On "Varney & Co." Friday, Barstool Sports founder Dave Portnoy discussed what his next plans are after selling the remainder of the sports media platform’s stock for $387 million on Thursday.
"First thing I gotta do, is I got to make sure I get the hell out of New York, right? And get down to Florida and establish some residency so the government can't steal all my money," Portnoy told FOX Business’ Stuart Varney.
"This weekend, I'm going to Saratoga with some buddies. I'm going to bet on the horses," he continued, "so I'm just going to live the same lifestyle that I've always done, except maybe more extravagantly."
Casino operator Penn Entertainment took full control of the sports website founded by the controversial media tycoon Portnoy, according to a US Securities and Exchange Commission filing on Wednesday. The purchase of the remaining Barstool share will be completed by February 2023.
The company initially purchased 36% of the website in 2020 for $163 million in a deal that combined sports gambling and online media. The deal stipulated that Penn could buy the remaining shares via a two-step process for $387 million.
On Friday, Portnoy explained how the majority of his market net worth comes from Penn investments, and hopes to "take this thing to the moon."
"The more Penn goes up, that's my investment," Portnoy said. "The other stuff is all fun and games, but Penn is still where most of my net worth is tied up."
Portnoy also responded to claims that he’s trying to avoid capital gains tax by borrowing against his holdings in Penn, saying he’s not using any "tricks."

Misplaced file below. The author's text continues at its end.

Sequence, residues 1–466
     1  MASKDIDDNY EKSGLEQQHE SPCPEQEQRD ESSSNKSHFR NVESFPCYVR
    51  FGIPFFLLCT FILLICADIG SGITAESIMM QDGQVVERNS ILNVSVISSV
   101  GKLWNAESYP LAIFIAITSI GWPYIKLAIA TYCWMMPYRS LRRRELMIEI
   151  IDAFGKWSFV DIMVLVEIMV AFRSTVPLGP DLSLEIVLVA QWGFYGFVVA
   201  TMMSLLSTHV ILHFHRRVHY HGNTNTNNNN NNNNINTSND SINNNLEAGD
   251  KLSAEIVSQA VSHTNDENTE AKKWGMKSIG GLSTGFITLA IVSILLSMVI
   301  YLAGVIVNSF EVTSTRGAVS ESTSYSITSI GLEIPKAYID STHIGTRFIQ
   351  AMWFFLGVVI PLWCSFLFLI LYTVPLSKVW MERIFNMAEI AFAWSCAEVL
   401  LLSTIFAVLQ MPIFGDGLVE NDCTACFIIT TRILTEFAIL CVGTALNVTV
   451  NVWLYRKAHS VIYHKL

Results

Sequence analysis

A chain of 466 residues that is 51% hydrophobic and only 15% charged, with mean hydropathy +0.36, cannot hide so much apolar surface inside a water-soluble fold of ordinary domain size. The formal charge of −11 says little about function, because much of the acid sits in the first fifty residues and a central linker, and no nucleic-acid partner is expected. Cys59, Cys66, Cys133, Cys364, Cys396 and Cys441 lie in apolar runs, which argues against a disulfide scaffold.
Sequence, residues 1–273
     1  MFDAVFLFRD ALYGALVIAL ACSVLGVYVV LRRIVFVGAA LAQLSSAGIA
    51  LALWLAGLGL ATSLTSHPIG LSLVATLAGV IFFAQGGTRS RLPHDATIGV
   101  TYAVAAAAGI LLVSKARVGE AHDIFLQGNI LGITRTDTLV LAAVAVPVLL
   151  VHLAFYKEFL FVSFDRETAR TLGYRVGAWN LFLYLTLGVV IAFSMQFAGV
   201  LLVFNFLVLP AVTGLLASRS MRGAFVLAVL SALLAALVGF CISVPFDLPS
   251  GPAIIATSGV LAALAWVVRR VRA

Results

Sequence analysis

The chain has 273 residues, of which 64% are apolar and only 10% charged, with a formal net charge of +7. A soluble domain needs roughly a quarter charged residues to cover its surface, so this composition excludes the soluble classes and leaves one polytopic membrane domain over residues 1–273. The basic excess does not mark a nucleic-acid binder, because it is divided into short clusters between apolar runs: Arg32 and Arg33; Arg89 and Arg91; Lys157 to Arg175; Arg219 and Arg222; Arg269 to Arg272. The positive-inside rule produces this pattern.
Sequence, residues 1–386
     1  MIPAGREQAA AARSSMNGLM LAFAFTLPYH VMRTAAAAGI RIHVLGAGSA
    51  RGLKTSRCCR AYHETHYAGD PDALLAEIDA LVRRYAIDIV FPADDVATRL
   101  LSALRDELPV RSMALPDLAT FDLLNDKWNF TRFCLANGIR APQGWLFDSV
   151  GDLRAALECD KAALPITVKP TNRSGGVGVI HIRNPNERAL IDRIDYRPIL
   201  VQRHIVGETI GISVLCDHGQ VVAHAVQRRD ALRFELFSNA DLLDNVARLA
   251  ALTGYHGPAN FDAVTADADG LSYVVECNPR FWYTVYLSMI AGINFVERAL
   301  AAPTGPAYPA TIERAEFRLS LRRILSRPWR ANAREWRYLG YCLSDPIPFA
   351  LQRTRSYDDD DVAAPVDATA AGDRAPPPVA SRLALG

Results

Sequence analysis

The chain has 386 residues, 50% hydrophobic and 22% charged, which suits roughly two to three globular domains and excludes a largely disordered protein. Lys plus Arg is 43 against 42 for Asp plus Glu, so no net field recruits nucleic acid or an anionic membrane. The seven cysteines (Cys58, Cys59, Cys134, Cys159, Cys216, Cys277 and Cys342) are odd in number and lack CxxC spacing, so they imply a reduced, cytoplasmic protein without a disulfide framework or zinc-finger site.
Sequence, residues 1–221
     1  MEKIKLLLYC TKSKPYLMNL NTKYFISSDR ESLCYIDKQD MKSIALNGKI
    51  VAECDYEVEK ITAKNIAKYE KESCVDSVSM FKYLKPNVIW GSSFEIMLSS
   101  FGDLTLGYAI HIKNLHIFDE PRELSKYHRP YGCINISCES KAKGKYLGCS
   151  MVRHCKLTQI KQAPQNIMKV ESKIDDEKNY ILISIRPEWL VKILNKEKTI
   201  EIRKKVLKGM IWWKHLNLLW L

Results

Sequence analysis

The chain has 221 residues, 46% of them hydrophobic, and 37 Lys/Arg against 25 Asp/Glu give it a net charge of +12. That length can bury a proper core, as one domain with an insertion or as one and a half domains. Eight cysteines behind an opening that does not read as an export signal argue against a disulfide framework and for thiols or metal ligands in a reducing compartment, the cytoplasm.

"I don't know where all these tricks are coming from, but I don't have them and I'm paying out the guts for it," Portnoy said. "So if you know any little inside tricks on how to get around taxes legally, I'm all ears, but I pay 50%. I feel like an idiot."
While clarifying he’s "happy to pay" what’s expected from his investment income, Portnoy believes the government is "so wasteful" with taxpayer dollars.
"There's certainly things that we need as a country that you've got to pay taxes for," Portnoy noted. "So it's not so much how much they take, but I really feel like I'm just taking it and lighting it on fire when I give it all to them."
Portnoy asserted he’s done "all the research" on Penn’s future in the market and as an entertainment and gambling company, saying "all the stock market is a game."
"If you look at the Penn stock, it trades with the rest of the gambling stocks almost lockstep for the past year, year and a half. We don't operate like those guys," Portnoy explained. "Those guys are spending billions of dollars on advertising and literally burning money and losing hundreds of millions of dollars. And we trade exactly like them. There's no actual differentiation."
FOX Business' Phillip Nieto contributed to this report.